Hassan Yussuff is president of the Canadian Labour Congress
The Supreme Court has reaffirmed the centrality of collective bargaining and the right to strike to Canadian democracy. In a 5-2 decision, the Court has ruled that the right to strike is protected by the Canadian Charter of Rights and Freedoms.
This is a courageous decision, one that all Canadians should celebrate.
The decision is an important win for all of us because it recognizes once again that there is a fundamental power imbalance in the workplace that favours employers over employees, and that the right to strike restores balance and promotes equality in the bargaining process.
Does this mean we’ll see more strikes? Of course not. No union goes into bargaining looking to send their members out on strike. As the Court recognizes, “strike action has the potential to place pressure on both sides of a dispute to engage in good faith negotiations.” What it does mean is that employers and unions alike will collaborate more and that more negotiations will successfully conclude with fair collective agreements.
The decision strikes down legislation that the Saskatchewan government hoped would allow it to sidestep that collaborative approach completely. The legislation meant the government could unilaterally determine which workers were essential and which were not. It removed all possible recourse for the workers affected. It was devoid of any independent, effective dispute-resolution process, and handcuffed the Saskatchewan Labour Relations Board.
As the Court ruled, “no other essential services agreement in Canada comes close to prohibiting the right to strike as broadly, and as significantly.”
There is no justification for this approach. Unions and employers have successfully used a collaborative approach to negotiate essential service agreements time and again. And time and again unions have fully agreed that some services are essential to the public good.
The Court found “no evidence to support Saskatchewan’s position that the objective of ensuring the continued delivery of essential services requires unilateral rather than collaborative decision making authority.”
Strikes will always be the last resort in collective bargaining. But it’s strikes that make the news. The reality is that the vast majority of collective agreements – 94 per cent in the federal jurisdiction alone – are settled without a work stoppage.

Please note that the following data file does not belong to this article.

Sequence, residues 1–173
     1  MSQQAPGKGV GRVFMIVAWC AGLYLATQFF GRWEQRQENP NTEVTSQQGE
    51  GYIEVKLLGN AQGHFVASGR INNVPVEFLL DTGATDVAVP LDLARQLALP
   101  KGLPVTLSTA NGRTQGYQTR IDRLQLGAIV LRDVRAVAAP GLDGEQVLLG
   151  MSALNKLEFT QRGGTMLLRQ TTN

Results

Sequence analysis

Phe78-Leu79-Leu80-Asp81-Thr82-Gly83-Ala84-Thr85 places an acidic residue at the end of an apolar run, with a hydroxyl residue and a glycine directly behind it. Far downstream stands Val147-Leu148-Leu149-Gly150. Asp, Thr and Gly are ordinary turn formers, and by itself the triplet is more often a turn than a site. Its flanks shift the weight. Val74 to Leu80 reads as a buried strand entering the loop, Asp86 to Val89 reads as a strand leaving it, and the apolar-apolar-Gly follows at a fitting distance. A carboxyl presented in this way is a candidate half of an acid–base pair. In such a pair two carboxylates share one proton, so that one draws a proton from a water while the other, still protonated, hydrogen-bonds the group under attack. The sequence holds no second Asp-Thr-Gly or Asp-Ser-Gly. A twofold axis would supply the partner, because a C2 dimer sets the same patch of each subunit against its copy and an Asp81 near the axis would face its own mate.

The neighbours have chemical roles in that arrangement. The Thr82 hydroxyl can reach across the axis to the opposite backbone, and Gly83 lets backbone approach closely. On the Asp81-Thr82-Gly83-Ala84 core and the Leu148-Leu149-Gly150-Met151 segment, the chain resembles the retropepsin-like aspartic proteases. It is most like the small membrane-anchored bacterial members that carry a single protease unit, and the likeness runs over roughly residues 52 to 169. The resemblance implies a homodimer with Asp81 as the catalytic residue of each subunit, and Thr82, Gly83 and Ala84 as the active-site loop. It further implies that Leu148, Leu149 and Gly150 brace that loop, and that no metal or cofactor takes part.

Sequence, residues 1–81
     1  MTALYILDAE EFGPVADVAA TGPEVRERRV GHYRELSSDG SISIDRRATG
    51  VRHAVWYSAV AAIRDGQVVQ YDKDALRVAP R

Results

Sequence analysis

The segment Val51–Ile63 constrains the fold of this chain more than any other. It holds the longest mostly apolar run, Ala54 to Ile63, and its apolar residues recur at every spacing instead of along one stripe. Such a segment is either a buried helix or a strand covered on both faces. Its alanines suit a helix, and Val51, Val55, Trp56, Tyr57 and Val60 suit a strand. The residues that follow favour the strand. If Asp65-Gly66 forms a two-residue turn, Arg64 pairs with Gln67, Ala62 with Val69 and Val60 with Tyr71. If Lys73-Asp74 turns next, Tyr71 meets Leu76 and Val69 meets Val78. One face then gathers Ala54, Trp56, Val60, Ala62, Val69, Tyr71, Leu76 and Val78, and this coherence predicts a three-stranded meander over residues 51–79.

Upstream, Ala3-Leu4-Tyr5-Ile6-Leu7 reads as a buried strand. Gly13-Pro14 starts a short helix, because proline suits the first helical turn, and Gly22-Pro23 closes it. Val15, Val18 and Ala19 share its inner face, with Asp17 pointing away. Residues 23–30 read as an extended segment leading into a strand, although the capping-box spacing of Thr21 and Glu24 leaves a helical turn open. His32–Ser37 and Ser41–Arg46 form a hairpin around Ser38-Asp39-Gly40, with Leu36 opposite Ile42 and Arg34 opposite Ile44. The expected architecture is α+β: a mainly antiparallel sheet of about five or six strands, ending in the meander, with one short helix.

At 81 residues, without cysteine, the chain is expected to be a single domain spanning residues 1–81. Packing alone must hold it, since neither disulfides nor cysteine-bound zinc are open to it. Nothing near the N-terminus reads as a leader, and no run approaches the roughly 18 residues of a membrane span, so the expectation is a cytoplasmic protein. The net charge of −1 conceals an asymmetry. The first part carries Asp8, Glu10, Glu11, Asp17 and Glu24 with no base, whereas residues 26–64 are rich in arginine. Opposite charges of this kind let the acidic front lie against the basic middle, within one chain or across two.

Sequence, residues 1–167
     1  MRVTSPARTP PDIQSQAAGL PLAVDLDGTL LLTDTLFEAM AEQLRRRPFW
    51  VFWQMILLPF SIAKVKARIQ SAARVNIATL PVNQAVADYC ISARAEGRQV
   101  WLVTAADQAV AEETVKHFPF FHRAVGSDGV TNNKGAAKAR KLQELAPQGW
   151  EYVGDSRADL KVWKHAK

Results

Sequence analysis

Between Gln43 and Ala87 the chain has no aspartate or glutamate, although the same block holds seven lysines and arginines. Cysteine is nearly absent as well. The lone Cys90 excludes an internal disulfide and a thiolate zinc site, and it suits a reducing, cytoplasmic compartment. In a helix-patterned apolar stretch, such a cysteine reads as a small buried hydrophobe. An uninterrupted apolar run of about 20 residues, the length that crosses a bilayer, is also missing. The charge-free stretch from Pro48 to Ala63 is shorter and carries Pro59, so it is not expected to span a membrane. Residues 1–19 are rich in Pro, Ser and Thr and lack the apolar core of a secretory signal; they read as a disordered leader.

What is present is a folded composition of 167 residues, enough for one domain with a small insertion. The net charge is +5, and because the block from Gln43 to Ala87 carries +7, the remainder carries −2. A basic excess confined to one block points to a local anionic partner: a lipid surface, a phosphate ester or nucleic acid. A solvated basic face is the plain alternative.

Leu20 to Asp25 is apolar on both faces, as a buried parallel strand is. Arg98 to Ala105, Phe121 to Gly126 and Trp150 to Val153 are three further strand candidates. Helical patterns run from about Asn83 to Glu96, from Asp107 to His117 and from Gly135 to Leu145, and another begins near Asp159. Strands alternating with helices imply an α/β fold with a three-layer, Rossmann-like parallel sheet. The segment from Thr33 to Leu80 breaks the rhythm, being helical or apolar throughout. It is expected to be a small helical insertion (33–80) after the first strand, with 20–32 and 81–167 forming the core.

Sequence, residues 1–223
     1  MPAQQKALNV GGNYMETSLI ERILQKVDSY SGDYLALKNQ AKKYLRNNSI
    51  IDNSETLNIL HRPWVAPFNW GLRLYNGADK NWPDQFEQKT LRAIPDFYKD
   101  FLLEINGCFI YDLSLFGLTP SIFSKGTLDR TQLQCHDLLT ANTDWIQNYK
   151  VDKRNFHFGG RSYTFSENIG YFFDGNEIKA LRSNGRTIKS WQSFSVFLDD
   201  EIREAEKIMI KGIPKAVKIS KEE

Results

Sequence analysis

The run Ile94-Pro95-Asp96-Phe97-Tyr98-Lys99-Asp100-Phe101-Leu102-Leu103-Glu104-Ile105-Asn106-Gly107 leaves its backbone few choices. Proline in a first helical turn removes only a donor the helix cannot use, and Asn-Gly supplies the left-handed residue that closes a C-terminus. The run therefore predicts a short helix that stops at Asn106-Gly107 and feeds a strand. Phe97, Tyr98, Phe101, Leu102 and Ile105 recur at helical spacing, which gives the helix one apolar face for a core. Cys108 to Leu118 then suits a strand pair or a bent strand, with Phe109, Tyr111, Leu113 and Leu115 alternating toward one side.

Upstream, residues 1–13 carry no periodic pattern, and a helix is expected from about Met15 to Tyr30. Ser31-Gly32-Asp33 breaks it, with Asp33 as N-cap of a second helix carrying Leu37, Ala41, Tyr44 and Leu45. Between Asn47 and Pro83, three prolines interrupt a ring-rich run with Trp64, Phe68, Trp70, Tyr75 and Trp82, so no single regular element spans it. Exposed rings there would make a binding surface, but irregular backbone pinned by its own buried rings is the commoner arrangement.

This decision won’t change the labour movement’s commitment to protecting public health and safety during labour disputes. Health providers, emergency services workers, and critical infrastructure workers will continue to put the safety and well-being of the public first.
We should also take pride, as Canadians, that this brings our law in line with Canada’s international commitment to the right to strike. Canada is a party to United Nations conventions recognizing the right to strike, as well as International Labour Organization Convention no. 87 concerning freedom of association and the right to organize. These undertakings commit Canada to upholding the right to strike.
This decision comes on the heels of another Supreme Court decision last week that recognized the right of the RCMP – indeed all workers in Canada – to choose independent associations to engage in meaningful collective bargaining. That confirmed what workers have known instinctively all along; that the right to choose an independent association to engage in collective bargaining forms the essence of freedom of association.
This week, the Court has recognized again that in effect, workers collective rights are human rights. As the decision says, the right to strike is essential to realizing Charter values of “human dignity, equality, liberty, respect for the autonomy of the person and the enhancement of democracy.”
As Justice Abella wrote in the Court’s decision, “clearly the arc bends increasingly towards workplace justice.”Report Typo/Error
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